Stories I Was Told.

Lancashire Cotton Mill

A hot bath, two loads of laundry and use of an indoor toilet today; has made me think about my ancestors. The ease at which the tap turned, the water swirling down the glistening toilet; the full bathtub filled with epsom salt and light. True bliss.

As a Coal Miner’s Grandaughter with deep roots in the cotton mills and coal mines of Lancashire and the Lightermen on the Thames River; appreciation was built in. The profound stories of family history remain in our souls for a lifetime. The ceaseless work ethic and abominable compensation, remain at the root of all future endeavours and shed a light on our desires that is often harsh and unforgiving. From a young age I listened to stories about the rationing and bombing of London; and the very difficult lives of my maternal Grandmother and Aunt working from sunrise to sunset in a noisy cotton mill. The working conditions in the mill were pretty horrific – deafening noise, dust, long hours and very meagre accommodation. George Orwell in “The Road to Wigan Pier”, admonishes the terrible living conditions in great detail, including dirty outdoor toilets sometimes shared any 30 people, unbearably cold homes and a general lack of good food. The rationing stories of my childhood included 6 eggs a week, one pint of milk and white bread. My Grandmother never owned her home and did not have an indoor toilet in 1977. My brother tells me that when they cleared her house in the early 80’s, her stepson was so disgusted by the way the mill had forced people to live, that he pushed furniture down the stairs. It crashed against the wall and took out the banister before heaving itself incoherently upon the front door. “There you go!” said the chesterfield. “Fuck you!” The row of “one up one down” houses could never accommodate a mattress and often had to be lifted in through a window or revise themselves into small twin beds. The only heat was a stove that ate coal and required money; stairways too narrow and the walls in very bad shape. Ida Dyson/Parkin lived to see her 105th birthday however and rarely complained. She gave birth to my mum before her 17th birthday. Times were very tough and eventually Ida’s parents abandoned her completely, likely for being pregnant out of wedlock.

My Grandfather, Jack Dyson, almost died when he broke his neck in the coal mine at age 17. At that time he was one of the first people to receive some sort of compensation; but, the money didn’t last long; and soon he was called to war. My mum rarely saw him after that and then her mum abandoned her at eight years of age. Mum went to live with an aunt. On my 8th birthday my mum said to me, “I cannot imagine leaving you at this age.” That thought was really hard to me to process and stayed with me to this day. It may be the main idea in this essays. We will see.

My Mum’s story is the one that intrigues me the most. She also had the biggest influence on me. Unfortunately, I was not always old enough to reflect upon the deep bitter struggle and I believe that some of the stories actually frightened me. The character Sykes in “Oliver Twist” represented all that was evil in Dickensian Britain. Largely because of this movie, I stayed away from Charles Dickens and felt he represented only the worst of times. Even “The Christmas Carol” seemed to me, a dismal representation of greed and capitalism gone amuck. The childhood focus on cryptic anthologies and bleak representations of child labour were enough to influence me throughout my life.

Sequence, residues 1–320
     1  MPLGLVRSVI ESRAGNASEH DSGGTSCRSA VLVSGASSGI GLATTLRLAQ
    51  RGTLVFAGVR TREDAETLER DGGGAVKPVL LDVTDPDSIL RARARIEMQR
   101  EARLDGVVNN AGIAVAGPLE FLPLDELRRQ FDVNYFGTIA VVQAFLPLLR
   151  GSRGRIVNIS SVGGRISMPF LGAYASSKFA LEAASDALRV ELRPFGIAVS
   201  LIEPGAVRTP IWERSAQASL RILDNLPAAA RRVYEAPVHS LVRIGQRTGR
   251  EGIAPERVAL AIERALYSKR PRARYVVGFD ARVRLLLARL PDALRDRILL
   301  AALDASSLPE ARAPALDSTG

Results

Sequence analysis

George Orwell’s, “On the Road to Wigan Pier” explores the poverty of Northern England in a way that provides the reader with a clear view of their lives without exposing them or dehumanizing their existence. Orwell is respectful of their dignity and humility and defends their lives with his scathing reflections of daily life in a Manchester slum. Orwell was welcomed into many homes and caravans likely because of his seriousness towards poverty. He also observed that “the post-war development of cheap luxuries has been a very fortunate thing for our rulers. It is quite likely that fish-and-chips, tinned salmon, chocolate, movies, the radio, strong tea, and the Football Pools have between them averted revolution. But, it was an unconscious process – the quite natural interaction between the manufacturer’s need for a market and the need of half-starved people for cheap palliatives. ” (p. 154)

When he attended King George V’s funeral, he writes, “as the body passed through Long on its way to Westminster, I happened to be caught for an hour or two in the crowd in Trafalgar Square. Puny limbs, sickly faces, under the weeping London sky! Hardly a well-built man, not a fresh complexion anywhere…..Where were the men with chests like barrels and moustaches like the wings of eagles who strode across my childhood’s gaze 30 years ago? Buried, I suppose, in the Flanders mud. If the English physique has declined, this is no doubt partly due to the fact that the Great War carefully selected the million best men in England and slaughtered them.” Furthermore, Orwell’s observation of the food that was sustaining them included the line, “We may find in the long run that tinned food is a deadlier weapon than the machine gun.”

“The Road to Wigan Pier” has given me another chance to make sense of my family history. It is a compelling read, that has inspired me to investigate my roots as a mature adult, and better understand the functional role of emotional upheaval in a young child’s mind.


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